indie-only clear vinyl version - Special edition 25th Anniversary reissue of Squarepusher's debut album, Feed Me Weird Things. 2LP + bonus 10" containing the album's two Japanese bonus tracks. Includes a 16 page booklet surmising the legacy of the album. Originally released on Aphex Twin's label Rephlex, leading to Squarepusher's discovery and eventual signing to Warp Records.
Squarepusher's debut album was released by Aphex Twin's Rephlex label in 1996, and its sleeve contains liner notes written by Richard D. James himself, recalling the first time he stumbled upon a live set by this bass guitar-wielding bloke behind the DJ booth at a local pub. While suspicious at first, he was soon swept away by his sheer audacity in marrying nimble jazz guitar licks to high-speed mutated breakbeats. Feed Me Weird Things captured Tom Jenkinson at a formative early stage, following the release of early EPs for obscure labels like Worm Interface and Rumble Tum Jum. While his earliest efforts under his own name were closer to noisy acid techno, he flipped to fusion-influenced jungle with his mind-blowing 1995 EP for Spymania as Duke of Haringay. "Squarepusher Theme" introduces the album with clean guitar melodies, gliding basslines, and crashing, stuttering drums, all perfectly in sync and rolling along together. Squarepusher's next album, the lauded Hard Normal Daddy, would explore this sound more thoroughly, but he still had far more ground to cover on his debut. The very next track, "Tundra," is the sound of terror, heartbreak, and destruction. The opening synths are harrowing, and when the breakbeats crash in, you feel like you've hit rock bottom and there's no way to recover. One of the most emotionally devastating pieces of music ever made. And then three tracks later is "Smedleys Melody," an alarmingly goofy trifle with drums slivered into 128th notes over a puckish melody, ending with a bunch of grunting and meowing noises. How such contrasting emotions can be allowed to exist on the same record is anyone's guess, but Jenkinson is skilled enough that his zany moments are as well-executed as his profound ones. Other highlights on the album include the deconstructed splatter-dub of "The Swifty," the acid-laced emotional rush of "Theme from Ernest Borgnine," and the sweet ambient comedown "Goodnight Jade." Squarepusher has arguably made better records over the course of his career (and certainly he's made more consistent ones), but Feed Me Weird Things showed the world that he was capable of doing things nobody else had dreamt of before, and it still holds some of his all-time best material.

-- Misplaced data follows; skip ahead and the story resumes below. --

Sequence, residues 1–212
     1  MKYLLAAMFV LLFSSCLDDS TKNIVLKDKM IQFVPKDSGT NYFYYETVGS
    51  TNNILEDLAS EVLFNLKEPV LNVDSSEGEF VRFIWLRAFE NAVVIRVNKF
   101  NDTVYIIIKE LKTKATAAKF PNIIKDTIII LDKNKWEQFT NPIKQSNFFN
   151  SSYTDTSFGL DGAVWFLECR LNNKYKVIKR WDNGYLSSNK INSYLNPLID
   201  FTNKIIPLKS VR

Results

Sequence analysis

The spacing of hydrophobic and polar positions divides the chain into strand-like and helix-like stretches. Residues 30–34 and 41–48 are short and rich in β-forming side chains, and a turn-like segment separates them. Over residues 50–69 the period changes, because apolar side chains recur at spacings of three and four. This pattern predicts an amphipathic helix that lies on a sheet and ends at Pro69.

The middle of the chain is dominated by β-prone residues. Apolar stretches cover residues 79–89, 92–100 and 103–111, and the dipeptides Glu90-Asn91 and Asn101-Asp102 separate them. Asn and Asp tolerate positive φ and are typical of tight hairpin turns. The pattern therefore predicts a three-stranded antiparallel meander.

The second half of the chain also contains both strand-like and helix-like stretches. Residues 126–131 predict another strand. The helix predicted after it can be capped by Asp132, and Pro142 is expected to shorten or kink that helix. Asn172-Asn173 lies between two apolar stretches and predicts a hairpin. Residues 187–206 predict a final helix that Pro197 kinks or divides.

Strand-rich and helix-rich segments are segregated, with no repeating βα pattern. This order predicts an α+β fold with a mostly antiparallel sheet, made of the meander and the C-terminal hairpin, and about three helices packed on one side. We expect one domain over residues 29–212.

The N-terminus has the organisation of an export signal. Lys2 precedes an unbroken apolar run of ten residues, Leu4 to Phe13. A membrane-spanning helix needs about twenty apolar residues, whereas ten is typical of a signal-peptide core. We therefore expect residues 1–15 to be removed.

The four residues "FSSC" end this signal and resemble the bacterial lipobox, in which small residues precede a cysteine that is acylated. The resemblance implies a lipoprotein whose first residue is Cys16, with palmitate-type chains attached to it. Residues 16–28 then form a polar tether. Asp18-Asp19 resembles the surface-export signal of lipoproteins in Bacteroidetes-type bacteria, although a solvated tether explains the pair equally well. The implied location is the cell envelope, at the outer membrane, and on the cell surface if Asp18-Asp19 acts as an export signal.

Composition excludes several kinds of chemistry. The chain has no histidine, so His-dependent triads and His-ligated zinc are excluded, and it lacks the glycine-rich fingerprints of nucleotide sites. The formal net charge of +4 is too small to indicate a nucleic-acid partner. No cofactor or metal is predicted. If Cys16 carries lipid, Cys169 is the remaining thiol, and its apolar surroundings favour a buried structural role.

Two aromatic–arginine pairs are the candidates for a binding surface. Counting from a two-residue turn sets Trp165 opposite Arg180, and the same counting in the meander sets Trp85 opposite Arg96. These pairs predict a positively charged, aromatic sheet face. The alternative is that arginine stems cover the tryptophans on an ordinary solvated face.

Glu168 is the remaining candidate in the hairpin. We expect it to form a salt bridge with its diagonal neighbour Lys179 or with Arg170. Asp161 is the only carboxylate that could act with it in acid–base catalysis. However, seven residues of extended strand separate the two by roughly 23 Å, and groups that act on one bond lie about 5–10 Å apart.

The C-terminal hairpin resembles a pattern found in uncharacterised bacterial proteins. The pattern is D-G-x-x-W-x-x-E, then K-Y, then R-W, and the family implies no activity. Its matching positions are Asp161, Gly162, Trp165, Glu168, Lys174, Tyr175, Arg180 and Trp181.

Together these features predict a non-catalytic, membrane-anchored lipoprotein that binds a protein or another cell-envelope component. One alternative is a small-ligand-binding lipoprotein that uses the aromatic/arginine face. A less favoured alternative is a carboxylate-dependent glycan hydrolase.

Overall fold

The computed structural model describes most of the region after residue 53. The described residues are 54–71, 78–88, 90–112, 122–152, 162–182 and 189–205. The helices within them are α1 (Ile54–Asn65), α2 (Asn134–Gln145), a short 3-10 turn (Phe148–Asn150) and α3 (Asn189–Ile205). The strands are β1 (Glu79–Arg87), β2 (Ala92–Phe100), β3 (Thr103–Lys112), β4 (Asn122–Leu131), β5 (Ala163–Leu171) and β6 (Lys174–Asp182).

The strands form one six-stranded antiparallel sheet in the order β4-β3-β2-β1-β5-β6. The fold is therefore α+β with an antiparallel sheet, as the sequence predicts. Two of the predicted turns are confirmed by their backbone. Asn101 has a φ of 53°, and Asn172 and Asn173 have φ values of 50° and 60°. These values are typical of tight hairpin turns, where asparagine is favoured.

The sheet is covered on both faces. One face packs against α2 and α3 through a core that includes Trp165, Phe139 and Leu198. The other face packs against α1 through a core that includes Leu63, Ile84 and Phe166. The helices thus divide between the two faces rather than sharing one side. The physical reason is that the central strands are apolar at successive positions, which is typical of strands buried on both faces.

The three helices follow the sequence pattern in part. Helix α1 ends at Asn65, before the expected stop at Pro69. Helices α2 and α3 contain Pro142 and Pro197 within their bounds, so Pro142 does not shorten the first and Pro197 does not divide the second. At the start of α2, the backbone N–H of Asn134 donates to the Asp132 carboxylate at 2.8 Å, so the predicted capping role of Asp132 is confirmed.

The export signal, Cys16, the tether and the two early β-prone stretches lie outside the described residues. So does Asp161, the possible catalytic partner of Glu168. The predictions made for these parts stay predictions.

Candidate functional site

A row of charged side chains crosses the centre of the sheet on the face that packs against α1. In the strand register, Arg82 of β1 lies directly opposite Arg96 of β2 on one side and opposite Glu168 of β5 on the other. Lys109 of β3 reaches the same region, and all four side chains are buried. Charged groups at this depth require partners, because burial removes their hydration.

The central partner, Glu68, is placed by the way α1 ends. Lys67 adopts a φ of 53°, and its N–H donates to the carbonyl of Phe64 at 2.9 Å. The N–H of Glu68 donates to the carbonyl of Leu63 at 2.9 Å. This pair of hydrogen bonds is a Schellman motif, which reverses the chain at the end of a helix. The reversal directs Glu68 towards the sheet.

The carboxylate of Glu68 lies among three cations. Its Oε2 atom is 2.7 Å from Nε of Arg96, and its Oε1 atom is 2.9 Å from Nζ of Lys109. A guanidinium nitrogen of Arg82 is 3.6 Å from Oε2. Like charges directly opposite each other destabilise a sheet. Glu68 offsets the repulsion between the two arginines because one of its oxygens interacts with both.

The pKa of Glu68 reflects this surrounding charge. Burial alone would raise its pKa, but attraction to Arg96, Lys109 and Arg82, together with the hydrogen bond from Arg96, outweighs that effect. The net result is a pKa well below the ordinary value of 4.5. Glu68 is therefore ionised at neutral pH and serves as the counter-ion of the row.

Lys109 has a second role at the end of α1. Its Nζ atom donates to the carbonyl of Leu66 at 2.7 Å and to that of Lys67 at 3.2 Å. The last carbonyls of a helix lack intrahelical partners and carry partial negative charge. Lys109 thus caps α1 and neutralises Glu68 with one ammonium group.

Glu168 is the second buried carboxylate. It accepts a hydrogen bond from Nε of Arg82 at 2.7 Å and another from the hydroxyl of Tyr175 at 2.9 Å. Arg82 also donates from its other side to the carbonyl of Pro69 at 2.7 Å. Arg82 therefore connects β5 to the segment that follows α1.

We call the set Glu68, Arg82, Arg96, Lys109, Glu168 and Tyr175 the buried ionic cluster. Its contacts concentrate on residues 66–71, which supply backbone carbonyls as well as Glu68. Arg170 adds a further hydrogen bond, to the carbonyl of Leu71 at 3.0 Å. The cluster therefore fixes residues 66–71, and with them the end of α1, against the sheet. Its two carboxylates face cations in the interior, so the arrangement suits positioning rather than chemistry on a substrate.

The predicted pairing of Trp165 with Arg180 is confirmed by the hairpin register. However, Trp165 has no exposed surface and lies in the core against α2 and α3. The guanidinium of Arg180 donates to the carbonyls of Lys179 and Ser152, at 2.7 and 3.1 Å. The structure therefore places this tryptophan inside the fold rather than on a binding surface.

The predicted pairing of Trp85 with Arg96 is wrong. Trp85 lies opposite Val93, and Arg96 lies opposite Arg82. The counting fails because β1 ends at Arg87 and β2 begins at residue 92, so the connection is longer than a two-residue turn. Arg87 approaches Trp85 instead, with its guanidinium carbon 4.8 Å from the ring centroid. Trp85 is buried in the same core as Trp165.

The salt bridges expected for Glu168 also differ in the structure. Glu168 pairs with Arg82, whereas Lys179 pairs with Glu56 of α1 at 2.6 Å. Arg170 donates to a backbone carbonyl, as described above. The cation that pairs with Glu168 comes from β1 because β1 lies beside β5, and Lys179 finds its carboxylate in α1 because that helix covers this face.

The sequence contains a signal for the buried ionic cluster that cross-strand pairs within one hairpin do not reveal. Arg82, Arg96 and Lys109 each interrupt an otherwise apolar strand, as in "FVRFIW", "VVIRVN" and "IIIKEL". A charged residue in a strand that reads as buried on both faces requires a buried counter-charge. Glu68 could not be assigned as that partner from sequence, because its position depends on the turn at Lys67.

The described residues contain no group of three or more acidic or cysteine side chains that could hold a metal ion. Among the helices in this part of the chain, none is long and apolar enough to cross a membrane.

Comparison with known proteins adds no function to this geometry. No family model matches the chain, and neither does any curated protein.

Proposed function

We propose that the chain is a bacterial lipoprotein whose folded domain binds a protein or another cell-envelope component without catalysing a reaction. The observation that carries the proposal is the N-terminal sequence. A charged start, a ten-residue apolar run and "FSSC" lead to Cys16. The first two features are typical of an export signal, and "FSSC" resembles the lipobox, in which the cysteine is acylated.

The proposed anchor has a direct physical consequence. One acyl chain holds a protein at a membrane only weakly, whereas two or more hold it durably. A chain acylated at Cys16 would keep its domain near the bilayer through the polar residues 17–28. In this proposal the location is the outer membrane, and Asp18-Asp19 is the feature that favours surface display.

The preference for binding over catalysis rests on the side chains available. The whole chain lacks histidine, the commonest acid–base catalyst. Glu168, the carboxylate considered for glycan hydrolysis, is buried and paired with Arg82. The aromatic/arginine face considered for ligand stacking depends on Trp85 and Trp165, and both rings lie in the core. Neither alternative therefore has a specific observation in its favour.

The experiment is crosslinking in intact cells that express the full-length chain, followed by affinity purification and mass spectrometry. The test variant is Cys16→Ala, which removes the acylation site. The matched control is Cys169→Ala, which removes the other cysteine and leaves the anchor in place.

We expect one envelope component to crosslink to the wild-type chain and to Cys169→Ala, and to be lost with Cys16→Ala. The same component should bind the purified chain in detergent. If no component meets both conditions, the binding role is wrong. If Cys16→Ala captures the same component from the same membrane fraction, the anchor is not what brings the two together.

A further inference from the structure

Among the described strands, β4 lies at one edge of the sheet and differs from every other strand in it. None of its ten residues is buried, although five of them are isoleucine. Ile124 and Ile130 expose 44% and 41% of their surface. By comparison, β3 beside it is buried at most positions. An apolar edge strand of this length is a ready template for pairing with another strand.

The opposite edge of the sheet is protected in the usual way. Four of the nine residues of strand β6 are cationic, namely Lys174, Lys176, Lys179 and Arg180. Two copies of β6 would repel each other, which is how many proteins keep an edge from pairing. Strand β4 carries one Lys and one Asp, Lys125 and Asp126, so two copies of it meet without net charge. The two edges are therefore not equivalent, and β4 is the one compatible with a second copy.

|C3||Theme From Ernest Borgnine|
|D1||U.F.O.'s Over Leytonstone|
|D3|| Future Gibbon|
|E1||Theme From Goodbye Renaldo|
|F1||Deep Fried Pizza|